CIS on the Jobs Crunch
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Steven Camarota writes at the Center for Immigration Studies:

Excerpt: Despite an abysmal jobs picture, Census Bureau data collected in 2010 show that the decade just completed may have been the highest for immigration in our nation’s history, with more than 13 million new immigrants (legal and illegal) arriving. What happened during the last decade in terms of employment of native-born Americans is astounding. Even though native-born Americans accounted for the overwhelming majority of growth in the adult working-age population (18 to 65), all of the net gain in employment went to immigrants. Something like that might not be too surprising over a short period like a quarter or even a year. But it is remarkable that over a 10-year period (2000 to 2010) all the net increase in jobs went to immigrants.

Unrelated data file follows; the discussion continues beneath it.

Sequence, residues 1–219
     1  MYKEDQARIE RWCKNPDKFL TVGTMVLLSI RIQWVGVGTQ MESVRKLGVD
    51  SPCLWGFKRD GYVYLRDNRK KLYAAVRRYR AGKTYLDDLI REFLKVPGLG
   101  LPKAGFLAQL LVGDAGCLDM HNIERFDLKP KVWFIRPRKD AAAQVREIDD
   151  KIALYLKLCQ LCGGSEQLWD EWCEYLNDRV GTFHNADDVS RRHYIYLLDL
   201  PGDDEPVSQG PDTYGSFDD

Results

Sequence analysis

I've covered this ground before a little differently. I think we need to ask ourselves just what is happening to the American born workforce-and the American people as a whole.

Camarota makes the point that immigrants often benefit greatly from immigration. What he fails to look at is just how much wealthy owners of property in America also benefit-which I think is far greater than any benefit to immigrants themselves. We also need to look carefully at the impact of a high immigration/high borrowing US economy on the global economy as a whole-and ask ourselves whether massive US immigration is really a benefit or a problem for the world as a whole.

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